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October 17, 2017, 06:59:24 AM *
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News: It is with deep regret that the Webmaster, Colin Simpson, and I have to inform the forum that Alan Kurnatowski (Kurnal) passed away on the 17th April.
Colin T & Colin S have provided an obituary in the fire safety forum
 
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 1 
 on: October 16, 2017, 06:53:13 PM 
Started by jayjay - Last post by Owain
Note that the list of expert witnesses has just been posted and no surprises as to which FireNet member has been listed.

How are we supposed to keep the Bar open if members get dragged off to inquiries left right and centre?

 2 
 on: October 15, 2017, 09:34:29 PM 
Started by jayjay - Last post by jayjay
Thanks Wee Brian for that post, the facts are what will be important to all concerned with fire safety and also the results of the findings and any recommendations.

Note that the list of expert witnesses has just been posted and no surprises as to which FireNet member has been listed.


 3 
 on: October 15, 2017, 08:37:27 AM 
Started by jayjay - Last post by wee brian
just to clarify. its fine to discuss facts. and certainly the findings of the Inquiry and the Review.

what we don't want is wild conjecture that brings the forum into disrepute.

 4 
 on: October 15, 2017, 08:31:05 AM 
Started by Tadees - Last post by wee brian
fire stats belong to the Home Office now, not DCLG

 5 
 on: October 13, 2017, 01:55:04 AM 
Started by lyledunn - Last post by colin todd
Lyle, do the model terms not deal with exit widths.  The old yellow guide used 2 minutes, 2.5 minutes and 3 minutes evacuation times.  You should maybe use the sector specific guides that support the FRS (NI ) Order.

 6 
 on: October 12, 2017, 09:18:34 PM 
Started by Fire Monkey - Last post by AnthonyB
No, the fire rating for afff foam extinguishers is 9 litre 183B, 6 litre 144B, 3 litre 55B, you would need three 3 litre foams to replace a 6 litre, better to stay with the 6 litre.

It's not been that simple for years, different foam compounds and spray nozzles from different manufacturers mean that you can get 6 litre models rated 34A:183B and 9 litre models rated 43A:233B. Some standard 6 litre foams now are 21A and the 3 litre models are almost all 13A and several are now 70B not 55B.

A lot of people are installing on capacity (as in the pre 80's days when there were no fire ratings) meaning that where a customer has a fire point of 2 x 13A 6 litre foams replaced they sometimes end up with 2 x 27A rated foams in their place when they could have reduced to 1 (most foam extinguisher installations aren't based on the need for a particular B rating, just the A rating)

Discharge testing/extended servicing foams (or indeed any wet) is in theory worth doing if you already have the training and equipment and certainly with the UK & US made kit, however with imported stuff it has been hit and miss with regards to linings being OK (although this seems to have improved in recent years). Many people don't bother though because of the need to give staff additional training and equipment (filling has been off the service syllabus for years), environmental restrictions, time costs, failure rates and low new equipment prices.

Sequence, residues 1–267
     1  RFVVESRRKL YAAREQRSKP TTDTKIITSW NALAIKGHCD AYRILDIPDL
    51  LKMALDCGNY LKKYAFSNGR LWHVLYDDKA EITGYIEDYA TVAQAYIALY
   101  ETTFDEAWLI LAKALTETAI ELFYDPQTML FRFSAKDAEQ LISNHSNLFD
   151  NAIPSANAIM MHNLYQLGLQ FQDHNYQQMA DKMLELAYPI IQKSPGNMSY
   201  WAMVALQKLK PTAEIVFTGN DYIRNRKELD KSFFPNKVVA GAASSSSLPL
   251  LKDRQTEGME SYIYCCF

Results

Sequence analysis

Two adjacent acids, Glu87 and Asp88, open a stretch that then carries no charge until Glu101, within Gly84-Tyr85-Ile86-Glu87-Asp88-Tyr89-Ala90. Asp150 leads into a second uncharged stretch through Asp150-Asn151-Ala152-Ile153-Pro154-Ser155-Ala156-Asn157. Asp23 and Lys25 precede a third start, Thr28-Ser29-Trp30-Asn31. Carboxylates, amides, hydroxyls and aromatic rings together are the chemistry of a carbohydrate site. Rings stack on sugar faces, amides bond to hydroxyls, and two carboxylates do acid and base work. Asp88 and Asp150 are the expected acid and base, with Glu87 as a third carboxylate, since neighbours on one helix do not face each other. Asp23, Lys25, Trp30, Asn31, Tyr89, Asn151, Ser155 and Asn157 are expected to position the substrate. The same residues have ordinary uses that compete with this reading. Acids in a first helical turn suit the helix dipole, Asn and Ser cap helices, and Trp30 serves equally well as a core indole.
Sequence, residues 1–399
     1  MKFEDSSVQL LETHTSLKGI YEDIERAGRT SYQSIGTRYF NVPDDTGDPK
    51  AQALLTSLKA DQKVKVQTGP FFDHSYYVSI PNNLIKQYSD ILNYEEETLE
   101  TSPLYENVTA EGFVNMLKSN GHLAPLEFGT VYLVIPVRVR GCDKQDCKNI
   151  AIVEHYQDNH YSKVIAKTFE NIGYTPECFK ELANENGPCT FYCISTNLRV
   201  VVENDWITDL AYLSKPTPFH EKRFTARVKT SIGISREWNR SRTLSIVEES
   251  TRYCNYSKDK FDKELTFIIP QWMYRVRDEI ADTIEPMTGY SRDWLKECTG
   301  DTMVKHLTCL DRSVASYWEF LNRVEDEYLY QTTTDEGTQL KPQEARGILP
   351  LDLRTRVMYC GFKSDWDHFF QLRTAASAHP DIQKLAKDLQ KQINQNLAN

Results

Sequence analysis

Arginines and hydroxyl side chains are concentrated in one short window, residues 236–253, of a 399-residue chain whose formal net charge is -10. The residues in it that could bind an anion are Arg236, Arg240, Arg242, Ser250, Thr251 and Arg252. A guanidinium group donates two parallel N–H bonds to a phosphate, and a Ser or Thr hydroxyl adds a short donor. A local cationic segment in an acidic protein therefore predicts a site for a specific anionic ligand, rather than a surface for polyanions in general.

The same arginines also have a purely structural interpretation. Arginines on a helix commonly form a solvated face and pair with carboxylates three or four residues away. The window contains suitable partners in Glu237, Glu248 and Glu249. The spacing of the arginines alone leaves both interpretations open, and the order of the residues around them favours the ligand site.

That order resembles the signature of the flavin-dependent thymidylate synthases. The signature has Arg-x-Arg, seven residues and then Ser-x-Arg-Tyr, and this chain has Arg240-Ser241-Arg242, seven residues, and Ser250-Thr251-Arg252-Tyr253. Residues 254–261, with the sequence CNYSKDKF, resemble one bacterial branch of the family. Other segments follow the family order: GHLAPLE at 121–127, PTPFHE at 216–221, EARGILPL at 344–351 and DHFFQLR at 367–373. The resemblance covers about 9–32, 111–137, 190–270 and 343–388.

Extinguisher signage - the intention was to sign only if not in plain view (the Government Guidance reflects this) but the way the relevant article in the Order is written is with such terrible grammar that it's easy to read it as needing signage regardless of location and the extinguisher trade have lobbied hard enough to get this also reflected in the sales guide that is BS5306-8.

Call point signage - with newer call points that comply with EN54 and use a pictogram instead of 'FIRE' unless they are not in clear view or need to be seen from a distance I don't automatically require extra signage as the call point already has it.

Fire Action Signs - The DCLG guidance suggests these should still be used in larger or complex premises next to call points and this is a throwback to the Fire Precautions Act days when a fire certificate would invariably require Notice N1 (or N2) next to each manual call point. To me these are more use next to a call point than the call point pictogram as they not only draw you to the MCP but then tell you what to do (not everyone remembers their training)

 7 
 on: October 12, 2017, 08:24:27 PM 
Started by Fire Monkey - Last post by Fishy
I agree that fire action notices by MCPs are a waste of time. Nearly all MCPs are on circulation routes or by exits from the building, so who the hell will be stopping to read them? We put fire action notices in tea points and on the back of toilet doors - at reading height when sitting! Seriously - who can avoid reading when, er, waiting.